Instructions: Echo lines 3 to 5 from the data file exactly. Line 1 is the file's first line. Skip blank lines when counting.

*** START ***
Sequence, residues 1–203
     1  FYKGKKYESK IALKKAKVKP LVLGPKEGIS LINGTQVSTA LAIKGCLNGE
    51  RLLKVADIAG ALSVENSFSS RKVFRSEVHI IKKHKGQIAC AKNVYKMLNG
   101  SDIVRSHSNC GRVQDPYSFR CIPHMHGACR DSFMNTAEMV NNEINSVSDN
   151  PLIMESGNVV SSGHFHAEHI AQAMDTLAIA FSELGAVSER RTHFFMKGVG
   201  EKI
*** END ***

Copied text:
    51  RLLKVADIAG ALSVENSFSS RKVFRSEVHI IKKHKGQIAC AKNVYKMLNG
   101  SDIVRSHSNC GRVQDPYSFR CIPHMHGACR DSFMNTAEMV NNEINSVSDN
   151  PLIMESGNVV SSGHFHAEHI AQAMDTLAIA FSELGAVSER RTHFFMKGVG